I am leaving this Sunday for 10 days. I am going with a Lebanese brother and together we will be preaching the gospel. We will be handing out Bibles and audio Bibles as well as distributing aid, cleaning materials to nominal Christians and food to Syrian Muslim refugees .
Please pray that we will be kept safe and have many opportunities to explain the gospel and hearts will be opened and that people will come to repentance and faith.
A few weeks ago I was in Athens. Here is a report of the trip.
Fruitful Ministry in Athens
By Antony Simon
Once again, the Lord worked mightily among us as we spent five days in Athens, Greece, distributing New Testaments to primarily Muslim refugees and Greek nationals, but also to anyone else that would accept these gifts from us. In all, we handed out several hundred New Testaments in various languages to refugees and economic migrants.
We set out with almost 17 kilograms (37 pounds) of mainly Bibles and audio Bibles. The languages of these items include Arabic, Farsi (the Persian language of Iran), Greek, Sorani (the Kurdish language spoken in Iraq), French, Albanian, and Urdu (the Hindustani language of Pakistan and some parts of India).
We arrived at the place where we were staying at 4 a.m. and slept for a few hours. We then went out with three big bags containing about 200 New Testaments and other items of literature to distribute.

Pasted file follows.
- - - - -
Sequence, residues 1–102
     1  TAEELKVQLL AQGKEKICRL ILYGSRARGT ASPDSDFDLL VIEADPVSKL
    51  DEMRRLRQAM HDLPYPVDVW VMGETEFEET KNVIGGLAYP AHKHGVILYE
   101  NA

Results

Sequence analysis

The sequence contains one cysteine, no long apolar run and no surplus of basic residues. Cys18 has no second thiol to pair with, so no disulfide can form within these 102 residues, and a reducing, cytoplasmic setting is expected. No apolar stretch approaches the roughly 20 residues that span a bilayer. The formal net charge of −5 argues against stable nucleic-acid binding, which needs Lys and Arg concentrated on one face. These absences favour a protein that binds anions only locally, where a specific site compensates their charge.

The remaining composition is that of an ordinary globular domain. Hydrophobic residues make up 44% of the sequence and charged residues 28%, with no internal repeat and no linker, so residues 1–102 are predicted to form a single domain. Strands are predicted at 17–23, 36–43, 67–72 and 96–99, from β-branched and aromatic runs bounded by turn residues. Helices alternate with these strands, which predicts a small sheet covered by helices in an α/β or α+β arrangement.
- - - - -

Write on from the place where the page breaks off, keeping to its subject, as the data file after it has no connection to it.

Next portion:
The day was a great blessing for us. We had many opportunities to share the Gospel and engaged in many conversations. Most of the people were happy to receive Bibles, and some began reading them as soon as they received them. We met some Jehovah’s Witnesses and were able to challenge them. We hope to continue our conversation if we meet them again during this trip.
We visited a refugee centre, and the people there eagerly accepted Bibles from us. Elsewhere, a large number of Greeks accepted New Testaments, from us, especially those we encountered in shops and supermarkets. We also distributed Bibles to pedestrians who stopped us to ask for directions. I stopped one woman who was smoking, told her that smoking is dangerous, and she ended up taking a New Testament I offered her.
We are running out of literature!